There are no other significant candidates for a tropical depression or storm development over the next 5 days, and in fact, based on the ECWMF model there is little activity now for the remainder of the month.
The basin will become eerily quiet given the newest CSU forecast which calls for a very active Atlantic hurricane season with a forecast of nine hurricanes, four of them being major and an ACE forecast of 160 (Currently only at 7.5 YTD for 2020). The insurance industry has a long season ahead if the forecasts are to verify these numbers.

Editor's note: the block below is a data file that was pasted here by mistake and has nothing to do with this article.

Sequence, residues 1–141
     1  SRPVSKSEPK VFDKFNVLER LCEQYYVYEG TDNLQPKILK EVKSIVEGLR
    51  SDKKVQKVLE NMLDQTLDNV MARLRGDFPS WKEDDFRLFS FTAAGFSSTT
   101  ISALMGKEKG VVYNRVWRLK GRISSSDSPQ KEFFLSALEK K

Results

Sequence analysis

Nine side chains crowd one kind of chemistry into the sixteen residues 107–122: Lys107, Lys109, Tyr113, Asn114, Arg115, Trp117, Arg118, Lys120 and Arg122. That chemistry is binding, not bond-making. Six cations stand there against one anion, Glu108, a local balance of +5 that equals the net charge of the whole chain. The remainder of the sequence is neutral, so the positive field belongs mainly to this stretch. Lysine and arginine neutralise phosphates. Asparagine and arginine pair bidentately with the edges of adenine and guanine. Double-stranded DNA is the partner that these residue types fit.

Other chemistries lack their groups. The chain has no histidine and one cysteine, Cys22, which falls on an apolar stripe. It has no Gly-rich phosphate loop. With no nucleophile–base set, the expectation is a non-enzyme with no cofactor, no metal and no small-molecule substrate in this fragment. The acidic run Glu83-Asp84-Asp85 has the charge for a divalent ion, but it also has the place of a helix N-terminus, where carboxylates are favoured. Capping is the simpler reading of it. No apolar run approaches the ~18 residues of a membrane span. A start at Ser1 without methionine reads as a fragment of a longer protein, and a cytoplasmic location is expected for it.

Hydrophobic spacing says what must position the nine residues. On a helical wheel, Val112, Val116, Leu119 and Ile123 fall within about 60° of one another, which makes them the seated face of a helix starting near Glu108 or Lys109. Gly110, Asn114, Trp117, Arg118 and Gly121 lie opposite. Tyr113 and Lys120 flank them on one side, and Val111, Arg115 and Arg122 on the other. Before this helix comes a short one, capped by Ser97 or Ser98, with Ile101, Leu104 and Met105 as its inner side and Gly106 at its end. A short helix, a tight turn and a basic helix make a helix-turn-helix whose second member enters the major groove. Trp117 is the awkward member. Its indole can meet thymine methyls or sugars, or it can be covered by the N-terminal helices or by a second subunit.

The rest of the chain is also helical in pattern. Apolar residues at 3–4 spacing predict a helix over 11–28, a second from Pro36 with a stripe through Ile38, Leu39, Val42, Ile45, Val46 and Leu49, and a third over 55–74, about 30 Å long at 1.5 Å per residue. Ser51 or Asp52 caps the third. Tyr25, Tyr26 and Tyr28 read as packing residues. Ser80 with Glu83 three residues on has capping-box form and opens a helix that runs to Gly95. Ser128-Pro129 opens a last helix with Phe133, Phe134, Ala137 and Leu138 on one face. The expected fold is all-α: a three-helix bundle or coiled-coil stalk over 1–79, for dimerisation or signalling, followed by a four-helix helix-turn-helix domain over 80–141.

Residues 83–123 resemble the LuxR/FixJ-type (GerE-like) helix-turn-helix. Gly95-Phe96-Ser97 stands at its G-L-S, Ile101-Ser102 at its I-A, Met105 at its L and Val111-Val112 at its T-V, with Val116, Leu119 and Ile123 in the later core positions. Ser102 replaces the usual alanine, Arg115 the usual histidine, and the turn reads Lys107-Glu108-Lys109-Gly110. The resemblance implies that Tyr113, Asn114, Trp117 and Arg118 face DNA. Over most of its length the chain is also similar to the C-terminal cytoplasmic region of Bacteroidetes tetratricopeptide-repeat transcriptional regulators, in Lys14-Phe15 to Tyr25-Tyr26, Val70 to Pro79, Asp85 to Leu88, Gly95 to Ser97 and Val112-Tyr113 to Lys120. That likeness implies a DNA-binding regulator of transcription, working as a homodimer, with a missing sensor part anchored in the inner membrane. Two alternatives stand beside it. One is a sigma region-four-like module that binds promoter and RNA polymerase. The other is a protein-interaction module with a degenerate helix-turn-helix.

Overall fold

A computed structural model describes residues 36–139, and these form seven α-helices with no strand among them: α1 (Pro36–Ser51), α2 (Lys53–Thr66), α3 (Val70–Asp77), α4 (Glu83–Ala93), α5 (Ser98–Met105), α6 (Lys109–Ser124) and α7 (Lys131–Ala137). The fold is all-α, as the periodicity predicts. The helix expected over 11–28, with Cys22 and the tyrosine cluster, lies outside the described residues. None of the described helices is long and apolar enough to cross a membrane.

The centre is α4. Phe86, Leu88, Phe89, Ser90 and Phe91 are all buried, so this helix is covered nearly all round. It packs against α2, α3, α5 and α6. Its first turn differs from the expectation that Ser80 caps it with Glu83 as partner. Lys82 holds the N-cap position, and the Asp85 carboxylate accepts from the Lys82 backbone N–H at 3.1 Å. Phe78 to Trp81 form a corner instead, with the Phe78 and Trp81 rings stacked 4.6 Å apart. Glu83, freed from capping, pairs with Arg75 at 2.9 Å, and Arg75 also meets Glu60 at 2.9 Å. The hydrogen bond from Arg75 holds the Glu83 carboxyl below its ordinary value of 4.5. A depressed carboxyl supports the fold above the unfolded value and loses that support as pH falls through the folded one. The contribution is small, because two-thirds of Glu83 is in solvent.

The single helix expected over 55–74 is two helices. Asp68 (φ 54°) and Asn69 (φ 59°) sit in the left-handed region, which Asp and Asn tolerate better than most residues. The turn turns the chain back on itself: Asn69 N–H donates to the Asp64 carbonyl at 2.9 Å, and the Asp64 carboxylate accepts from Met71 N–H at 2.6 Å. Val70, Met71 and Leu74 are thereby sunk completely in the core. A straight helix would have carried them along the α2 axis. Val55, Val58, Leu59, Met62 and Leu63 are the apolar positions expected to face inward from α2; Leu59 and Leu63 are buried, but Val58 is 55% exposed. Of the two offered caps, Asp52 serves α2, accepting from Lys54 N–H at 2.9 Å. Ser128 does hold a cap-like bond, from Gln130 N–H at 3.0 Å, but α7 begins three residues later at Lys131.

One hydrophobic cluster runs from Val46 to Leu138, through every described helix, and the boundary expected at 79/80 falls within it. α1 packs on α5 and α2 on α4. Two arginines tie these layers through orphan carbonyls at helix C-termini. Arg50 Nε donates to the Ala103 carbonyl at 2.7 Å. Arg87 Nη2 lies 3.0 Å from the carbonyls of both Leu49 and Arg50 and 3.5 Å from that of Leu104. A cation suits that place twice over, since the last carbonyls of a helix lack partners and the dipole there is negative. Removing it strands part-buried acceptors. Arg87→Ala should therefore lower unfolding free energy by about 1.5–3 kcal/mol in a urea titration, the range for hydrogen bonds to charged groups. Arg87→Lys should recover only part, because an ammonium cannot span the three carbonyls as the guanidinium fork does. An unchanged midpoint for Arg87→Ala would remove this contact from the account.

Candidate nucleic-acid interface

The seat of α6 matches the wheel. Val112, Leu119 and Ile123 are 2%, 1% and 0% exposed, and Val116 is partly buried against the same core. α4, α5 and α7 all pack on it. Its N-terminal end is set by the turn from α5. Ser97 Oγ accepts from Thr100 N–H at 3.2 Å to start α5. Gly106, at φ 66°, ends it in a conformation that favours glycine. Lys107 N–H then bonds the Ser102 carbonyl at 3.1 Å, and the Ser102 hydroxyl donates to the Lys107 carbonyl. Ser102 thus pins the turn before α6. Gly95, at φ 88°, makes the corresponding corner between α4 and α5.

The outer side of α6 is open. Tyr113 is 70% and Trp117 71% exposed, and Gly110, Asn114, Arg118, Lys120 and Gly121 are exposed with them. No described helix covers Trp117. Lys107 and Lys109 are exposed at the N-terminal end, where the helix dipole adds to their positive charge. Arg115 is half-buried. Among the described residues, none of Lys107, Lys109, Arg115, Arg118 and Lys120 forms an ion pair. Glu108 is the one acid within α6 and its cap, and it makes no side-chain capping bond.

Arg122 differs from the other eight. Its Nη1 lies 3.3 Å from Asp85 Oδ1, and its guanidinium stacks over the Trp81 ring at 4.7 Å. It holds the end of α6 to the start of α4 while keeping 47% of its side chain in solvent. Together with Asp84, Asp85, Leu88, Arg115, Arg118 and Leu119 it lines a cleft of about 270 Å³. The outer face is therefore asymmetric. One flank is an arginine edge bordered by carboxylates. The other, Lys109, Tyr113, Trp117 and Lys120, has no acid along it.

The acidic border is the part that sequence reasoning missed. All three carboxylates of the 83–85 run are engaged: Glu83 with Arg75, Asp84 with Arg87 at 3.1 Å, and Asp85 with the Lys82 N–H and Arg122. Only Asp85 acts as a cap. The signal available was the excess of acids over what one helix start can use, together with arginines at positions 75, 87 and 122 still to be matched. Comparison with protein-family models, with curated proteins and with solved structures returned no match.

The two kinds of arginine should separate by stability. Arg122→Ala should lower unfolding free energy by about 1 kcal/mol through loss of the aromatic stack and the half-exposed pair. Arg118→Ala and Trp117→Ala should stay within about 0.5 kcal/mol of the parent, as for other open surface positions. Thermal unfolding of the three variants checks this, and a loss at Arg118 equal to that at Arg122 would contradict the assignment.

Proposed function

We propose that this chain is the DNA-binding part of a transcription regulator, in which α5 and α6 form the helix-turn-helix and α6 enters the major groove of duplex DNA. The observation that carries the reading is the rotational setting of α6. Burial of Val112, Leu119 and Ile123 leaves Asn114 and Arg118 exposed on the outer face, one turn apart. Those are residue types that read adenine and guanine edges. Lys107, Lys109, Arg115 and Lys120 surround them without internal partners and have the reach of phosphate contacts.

To reach these numbers we need stronger tropical waves to come off West Africa instead of dust, which has been keeping these tropical waves at bay. However, I do not think that this can last forever, and furthermore, these dust waves can also provide a hint as to what to expect in terms of tracks. A few weeks back news headlines were abound with talk of a Saharan Air Layer (SAL) sweeping across the Atlantic and into the Caribbean and Gulf of Mexico, but what none of these headlines included was how the dust was showing us the overall prevailing winds and the track of storms to possibly come. If the dust tracked into the Caribbean and Gulf of Mexico, what do you think tropical waves will do when they form? The dust did not track up into Bermuda or into the middle of the Atlantic Ocean.